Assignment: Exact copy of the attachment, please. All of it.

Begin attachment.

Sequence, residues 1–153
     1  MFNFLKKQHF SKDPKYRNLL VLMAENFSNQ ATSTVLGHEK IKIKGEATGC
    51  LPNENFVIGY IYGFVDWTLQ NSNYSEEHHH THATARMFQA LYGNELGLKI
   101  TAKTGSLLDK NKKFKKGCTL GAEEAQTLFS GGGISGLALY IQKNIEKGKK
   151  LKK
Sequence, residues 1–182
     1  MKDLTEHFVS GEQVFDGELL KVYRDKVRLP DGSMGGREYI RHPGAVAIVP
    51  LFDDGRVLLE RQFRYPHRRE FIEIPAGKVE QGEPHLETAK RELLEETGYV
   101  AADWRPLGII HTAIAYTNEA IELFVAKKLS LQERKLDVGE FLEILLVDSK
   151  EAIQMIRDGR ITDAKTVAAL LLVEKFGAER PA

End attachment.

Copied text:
Sequence, residues 1–153
     1  MFNFLKKQHF SKDPKYRNLL VLMAENFSNQ ATSTVLGHEK IKIKGEATGC
    51  LPNENFVIGY IYGFVDWTLQ NSNYSEEHHH THATARMFQA LYGNELGLKI
   101  TAKTGSLLDK NKKFKKGCTL GAEEAQTLFS GGGISGLALY IQKNIEKGKK
   151  LKK
Sequence, residues 1–182
     1  MKDLTEHFVS GEQVFDGELL KVYRDKVRLP DGSMGGREYI RHPGAVAIVP
    51  LFDDGRVLLE RQFRYPHRRE FIEIPAGKVE QGEPHLETAK RELLEETGYV
   101  AADWRPLGII HTAIAYTNEA IELFVAKKLS LQERKLDVGE FLEILLVDSK
   151  EAIQMIRDGR ITDAKTVAAL LLVEKFGAER PA